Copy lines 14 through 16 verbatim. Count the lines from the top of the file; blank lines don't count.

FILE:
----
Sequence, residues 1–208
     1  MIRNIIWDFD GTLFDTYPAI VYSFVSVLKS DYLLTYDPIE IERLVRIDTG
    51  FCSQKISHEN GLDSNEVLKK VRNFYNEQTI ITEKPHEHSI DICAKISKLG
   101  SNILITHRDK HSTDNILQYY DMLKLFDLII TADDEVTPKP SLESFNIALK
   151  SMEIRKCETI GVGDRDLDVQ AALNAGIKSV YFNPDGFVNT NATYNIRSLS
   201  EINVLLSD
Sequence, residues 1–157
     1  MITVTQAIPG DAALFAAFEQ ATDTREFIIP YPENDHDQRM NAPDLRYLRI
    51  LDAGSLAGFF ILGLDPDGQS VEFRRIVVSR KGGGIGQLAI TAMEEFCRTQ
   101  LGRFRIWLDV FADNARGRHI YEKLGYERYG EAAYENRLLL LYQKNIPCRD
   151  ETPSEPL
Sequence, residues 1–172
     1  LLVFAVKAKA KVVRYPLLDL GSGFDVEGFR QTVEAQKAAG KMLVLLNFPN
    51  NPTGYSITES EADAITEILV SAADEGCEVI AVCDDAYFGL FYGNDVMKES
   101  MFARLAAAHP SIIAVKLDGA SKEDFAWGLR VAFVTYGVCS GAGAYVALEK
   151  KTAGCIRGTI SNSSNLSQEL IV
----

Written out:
    51  NPTGYSITES EADAITEILV SAADEGCEVI AVCDDAYFGL FYGNDVMKES
   101  MFARLAAAHP SIIAVKLDGA SKEDFAWGLR VAFVTYGVCS GAGAYVALEK
   151  KTAGCIRGTI SNSSNLSQEL IV